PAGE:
We talked about Arsenal beating Leicester City, then Kyrian said to me, “football has always been my life. I knew that no matter what was happening, I could always just take the ball to the field and I would be happy.” I challenged him to a game of one-on-one for the next day and he responded, “The accident ruined my legs. You see the way I walk now; my legs aren’t good anymore.”
Last December, Kyrian was on the way to visit my older brother — who had come back on his own — when his car flipped over. His driver approached a curve too fast. Kyrian spent the early part of 2017 in a hospital and hasn’t touched a ball since then.
He asked me why I ultimately turned down a contract offer in Turkey. I told him that the athletic life was a prison to me. I wanted my life to be more than a regimen of training, eating, rehabbing, and working out while only sometimes playing a game. It took for me to reach the dream to realize that I wanted something else. He thought that I was crazy, but he understood to an extent.
I remember after Lupita Nyong’o won an Oscar for 12 Years a Slave, she ended her speech by saying that the award was an assurance to herself and children all over the world that “your dreams are valid.” She didn’t mean that all their dreams should come true. Chiedozie doesn’t have to become a soccer player, but he should believe in and work toward that dream. To dream is the most important thing. You have to dream big, because between the person you are and your ideal self is the person you will become.
Kyrian is the last son of my father’s sister. He has a wife who is pregnant with their second child. The first was stillborn. He runs a few businesses and is the stabilizing force in our extended family, which is to say that he is who everyone calls when they’re in need. When my father wanted to build a house, he wanted Kyrian to be in charge of it. When my mother’s father was sick, it was Kyrian whom she called to take them to the hospital. It was my father who called him to go attend to my brother when he went home.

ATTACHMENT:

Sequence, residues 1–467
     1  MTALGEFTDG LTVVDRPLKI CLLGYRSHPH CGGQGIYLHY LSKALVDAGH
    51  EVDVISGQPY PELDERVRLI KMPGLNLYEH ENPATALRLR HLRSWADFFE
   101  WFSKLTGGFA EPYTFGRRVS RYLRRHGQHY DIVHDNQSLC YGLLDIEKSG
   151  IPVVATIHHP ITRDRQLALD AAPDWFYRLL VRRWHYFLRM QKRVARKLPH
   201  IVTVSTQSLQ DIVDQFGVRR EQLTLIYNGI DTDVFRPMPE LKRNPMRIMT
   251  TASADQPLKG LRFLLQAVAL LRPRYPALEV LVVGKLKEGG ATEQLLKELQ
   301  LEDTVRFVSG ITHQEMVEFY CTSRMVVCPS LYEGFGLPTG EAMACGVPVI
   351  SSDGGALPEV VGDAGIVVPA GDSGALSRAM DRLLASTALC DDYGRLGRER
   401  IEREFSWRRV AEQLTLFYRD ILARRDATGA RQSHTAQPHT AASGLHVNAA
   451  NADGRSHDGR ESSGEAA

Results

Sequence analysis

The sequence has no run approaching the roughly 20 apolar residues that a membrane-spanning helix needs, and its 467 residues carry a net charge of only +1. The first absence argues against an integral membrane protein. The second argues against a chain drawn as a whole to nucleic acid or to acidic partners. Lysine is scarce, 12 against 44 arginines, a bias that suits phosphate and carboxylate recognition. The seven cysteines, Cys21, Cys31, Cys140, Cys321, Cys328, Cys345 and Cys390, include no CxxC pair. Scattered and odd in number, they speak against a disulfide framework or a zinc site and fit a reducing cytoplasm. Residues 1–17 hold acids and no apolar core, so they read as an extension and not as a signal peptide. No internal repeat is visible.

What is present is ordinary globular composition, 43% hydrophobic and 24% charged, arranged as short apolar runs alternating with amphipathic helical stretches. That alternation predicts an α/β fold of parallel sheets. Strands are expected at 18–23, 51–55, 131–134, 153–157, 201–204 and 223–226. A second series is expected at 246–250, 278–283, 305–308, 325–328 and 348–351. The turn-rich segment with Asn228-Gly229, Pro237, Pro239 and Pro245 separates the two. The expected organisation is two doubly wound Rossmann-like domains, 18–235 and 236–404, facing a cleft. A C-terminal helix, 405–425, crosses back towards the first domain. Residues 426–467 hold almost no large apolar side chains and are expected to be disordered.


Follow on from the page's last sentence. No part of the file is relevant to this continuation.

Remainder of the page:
But as important as he is to everyone’s peace of mind, Kyrian feels incomplete. After his accident, my brother visited him in the hospital every morning. In intensive care, he asked my brother to work with my father to help him leave the country. When I was at home, he asked me several times to work with my brother and father to help him leave the country. What Kyrian wants — more than for his legs to work as they used to, more than his health, more than anything else in this world — is a chance to be something more than he is.
Because my uncle never left the village, he had to deal with the truth of his ambitions. If his dream was only to be a soccer player, then failure would have been debilitating. He wants what I want: fulfillment. I achieved the dream he once had, but on that balcony, we longed for the same thing. The difference was that I have the privilege to pursue that fulfillment while he’s trapped where he was born. To Kyrian then, every passing minute in the village feels like a small death. On the balcony, he said to me, “I don’t want to die here. I want to be somebody.”
Kyrian told me the names of all of his friends who had chanced into an opportunity to leave. “Small kids” who had made something of their lives. They had traveled, worked, made money, and returned to build big houses. He named them as if he were naming his enemies. He said, “I need a plan.” Then he poked the left side of his chest, “because this, this is paining me so much.”